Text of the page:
Monday, February 11, 2013

“If In Your Emotion You Begin To Sway . . .”

On Friday evening, my parents, my middle brother, and Joshua and I went to Bloomington to see Bloomington Civic Theatre’s production of the Kander and Ebb musical, “Cabaret”.

A production of “Cabaret” will almost always get me in the door of a theater; “Cabaret” is one of the most durable and most pleasurable of musicals.

My middle brother and Josh and I last saw a production of “Cabaret” exactly four years ago, when we caught a production by New Repertory Theater Company of Watertown, Massachusetts, during one of my brother’s visits to Boston.

That Watertown production had been an acceptable one, but the Bloomington Civic Theatre production was finer. Bloomington Civic Theatre produces musicals to a very high standard—the company’s presentations of musicals are of professional quality—and the Bloomington “Cabaret” was fully in keeping with that standard. Great care—and money—had been lavished on the stage design, costume design and lighting design, all of which were admirable. A full orchestra was in use; the large cast was a good one.

Bloomington used the original 1966 version of the musical, less acidic and less abrasive and less cynical than the revised versions that have come about since the 1972 Bob Fosse film. The original “Cabaret” is seldom produced now, having been overtaken by the revised versions, and we were pleased to have a chance to see the 1966 original (and at last to see the now-generally-omitted “Telephone Song”).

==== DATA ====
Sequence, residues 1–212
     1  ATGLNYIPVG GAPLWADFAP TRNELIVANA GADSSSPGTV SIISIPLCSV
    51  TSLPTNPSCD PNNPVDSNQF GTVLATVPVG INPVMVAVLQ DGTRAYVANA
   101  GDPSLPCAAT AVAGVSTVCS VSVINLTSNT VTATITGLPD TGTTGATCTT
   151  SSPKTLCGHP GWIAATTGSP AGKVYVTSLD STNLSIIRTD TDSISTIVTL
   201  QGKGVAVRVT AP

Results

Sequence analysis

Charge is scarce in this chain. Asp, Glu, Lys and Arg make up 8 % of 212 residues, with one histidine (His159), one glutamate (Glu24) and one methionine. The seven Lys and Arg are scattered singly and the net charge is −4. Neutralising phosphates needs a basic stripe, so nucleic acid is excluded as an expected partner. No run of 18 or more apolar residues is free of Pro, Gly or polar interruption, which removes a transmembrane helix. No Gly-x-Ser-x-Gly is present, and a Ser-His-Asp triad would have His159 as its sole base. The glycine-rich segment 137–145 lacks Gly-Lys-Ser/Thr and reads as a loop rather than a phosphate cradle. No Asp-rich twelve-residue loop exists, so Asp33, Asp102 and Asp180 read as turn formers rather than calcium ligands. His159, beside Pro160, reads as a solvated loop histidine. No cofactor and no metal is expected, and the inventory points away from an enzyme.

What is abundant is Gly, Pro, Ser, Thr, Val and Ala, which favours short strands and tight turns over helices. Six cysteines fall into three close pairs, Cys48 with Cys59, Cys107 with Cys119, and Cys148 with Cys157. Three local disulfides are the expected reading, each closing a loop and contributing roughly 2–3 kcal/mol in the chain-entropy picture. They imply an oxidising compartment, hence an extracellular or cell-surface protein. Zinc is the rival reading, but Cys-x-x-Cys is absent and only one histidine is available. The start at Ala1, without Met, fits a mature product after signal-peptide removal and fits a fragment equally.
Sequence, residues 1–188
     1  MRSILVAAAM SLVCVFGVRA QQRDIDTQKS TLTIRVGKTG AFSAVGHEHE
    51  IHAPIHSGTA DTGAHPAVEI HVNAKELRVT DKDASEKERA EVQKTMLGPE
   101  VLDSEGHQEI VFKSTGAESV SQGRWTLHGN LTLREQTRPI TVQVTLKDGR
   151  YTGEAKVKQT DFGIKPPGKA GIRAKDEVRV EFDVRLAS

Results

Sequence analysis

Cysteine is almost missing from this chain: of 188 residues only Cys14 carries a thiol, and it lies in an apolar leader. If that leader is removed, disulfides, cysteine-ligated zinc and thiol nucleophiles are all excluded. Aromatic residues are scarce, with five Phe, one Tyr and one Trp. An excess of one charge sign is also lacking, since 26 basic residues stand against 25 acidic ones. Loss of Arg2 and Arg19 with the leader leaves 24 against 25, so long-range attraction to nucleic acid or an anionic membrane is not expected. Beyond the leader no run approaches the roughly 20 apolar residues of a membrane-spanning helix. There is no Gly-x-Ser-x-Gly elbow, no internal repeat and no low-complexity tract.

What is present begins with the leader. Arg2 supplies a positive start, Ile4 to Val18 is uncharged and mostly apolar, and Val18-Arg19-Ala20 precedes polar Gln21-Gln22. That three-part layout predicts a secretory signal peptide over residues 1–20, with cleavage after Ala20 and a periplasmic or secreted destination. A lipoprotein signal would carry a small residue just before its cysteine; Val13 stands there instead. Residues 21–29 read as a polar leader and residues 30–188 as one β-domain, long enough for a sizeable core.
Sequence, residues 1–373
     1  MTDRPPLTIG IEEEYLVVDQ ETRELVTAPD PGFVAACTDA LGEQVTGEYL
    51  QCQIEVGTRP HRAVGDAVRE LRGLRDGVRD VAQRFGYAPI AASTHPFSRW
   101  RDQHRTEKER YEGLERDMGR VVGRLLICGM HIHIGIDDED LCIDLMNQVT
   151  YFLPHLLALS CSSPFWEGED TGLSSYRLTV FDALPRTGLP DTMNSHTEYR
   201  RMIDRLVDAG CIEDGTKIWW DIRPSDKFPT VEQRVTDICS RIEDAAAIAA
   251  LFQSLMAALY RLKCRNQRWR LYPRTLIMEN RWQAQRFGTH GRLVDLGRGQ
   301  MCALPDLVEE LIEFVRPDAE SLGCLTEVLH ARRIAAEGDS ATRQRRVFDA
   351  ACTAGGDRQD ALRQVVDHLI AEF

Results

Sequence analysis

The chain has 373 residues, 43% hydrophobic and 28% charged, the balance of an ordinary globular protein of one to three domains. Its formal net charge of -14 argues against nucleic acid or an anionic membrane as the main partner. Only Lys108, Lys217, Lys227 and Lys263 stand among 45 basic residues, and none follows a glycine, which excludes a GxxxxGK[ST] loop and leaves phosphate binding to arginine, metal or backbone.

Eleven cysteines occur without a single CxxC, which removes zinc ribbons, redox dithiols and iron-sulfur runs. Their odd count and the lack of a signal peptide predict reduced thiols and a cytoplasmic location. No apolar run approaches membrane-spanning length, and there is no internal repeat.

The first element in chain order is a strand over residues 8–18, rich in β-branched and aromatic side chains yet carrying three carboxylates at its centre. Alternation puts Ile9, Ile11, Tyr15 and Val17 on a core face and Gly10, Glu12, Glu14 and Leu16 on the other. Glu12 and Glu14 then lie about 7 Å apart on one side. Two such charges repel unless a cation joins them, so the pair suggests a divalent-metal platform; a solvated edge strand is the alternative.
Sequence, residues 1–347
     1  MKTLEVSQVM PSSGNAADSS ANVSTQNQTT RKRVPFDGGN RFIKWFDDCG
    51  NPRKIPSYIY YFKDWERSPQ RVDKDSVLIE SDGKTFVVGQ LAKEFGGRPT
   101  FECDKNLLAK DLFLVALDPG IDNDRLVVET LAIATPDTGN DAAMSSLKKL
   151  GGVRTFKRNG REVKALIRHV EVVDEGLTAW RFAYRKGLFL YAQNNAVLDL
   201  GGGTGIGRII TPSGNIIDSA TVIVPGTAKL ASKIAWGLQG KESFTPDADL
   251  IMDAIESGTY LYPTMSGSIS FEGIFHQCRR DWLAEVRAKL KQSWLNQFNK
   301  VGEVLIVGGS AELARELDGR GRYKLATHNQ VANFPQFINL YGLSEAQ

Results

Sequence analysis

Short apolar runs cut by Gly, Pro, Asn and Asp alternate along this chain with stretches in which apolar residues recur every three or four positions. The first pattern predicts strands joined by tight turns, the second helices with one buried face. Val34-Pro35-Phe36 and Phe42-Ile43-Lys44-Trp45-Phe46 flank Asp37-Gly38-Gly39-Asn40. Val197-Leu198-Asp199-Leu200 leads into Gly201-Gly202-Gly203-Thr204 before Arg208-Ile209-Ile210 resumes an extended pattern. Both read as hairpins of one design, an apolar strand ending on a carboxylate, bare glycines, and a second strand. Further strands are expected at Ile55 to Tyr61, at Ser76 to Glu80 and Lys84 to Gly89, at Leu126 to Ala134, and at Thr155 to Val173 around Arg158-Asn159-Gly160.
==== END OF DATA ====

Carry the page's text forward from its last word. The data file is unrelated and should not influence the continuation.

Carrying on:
Lehman Engel, one of the great authorities on The American Musical, categorized “Cabaret” as a “near-great” musical in his seminal book on the art form. Engel believed that 1943’s “Oklahoma” initiated the age of great musicals and that 1964’s “Fiddler On The Roof” concluded the age. That remarkable era, according to Engel, lasted only twenty-one years, and produced only fifteen or so “great” musicals. (Engel, now deceased, clearly had not been a Sondheim fan.)

In his book, Engel devoted special attention to “Cabaret”. “Cabaret” was the only musical that Engel placed in a special “near-great” category—Engel admired “Cabaret” enormously, and believed it was the one show for which he had to explain why it had been omitted from his list of “great” musicals—but, not having Engel’s book at hand to refresh my memory, I do not recall Engel’s specific (and quite reasonable) arguments for denying “greatness” to “Cabaret”.

“Cabaret”, in my view, is a faultless show. Each musical number is superb, the book has held up beautifully, and the show “plays” at a perfect pace. There are very few musicals of which such may be said.

Further, “Cabaret” has a timeless quality that assures its longevity. There is nothing that reeks of 1966 in the “Cabaret” score, lyrics or book, nothing that ties the work to the period of its creation. In that regard, “Cabaret” is a very rare work, atypical of musicals from the late 1960s.

Before the performance, we ate dinner at the restaurant of Sofitel, which we very much appreciated for its elegance and atmosphere. We ordered Provencale fish soup and Chilean sea bass, both recommended to us, and a dessert that was part apple gelée and part apple crisp. The food was excellent—better than anything we had in Paris.

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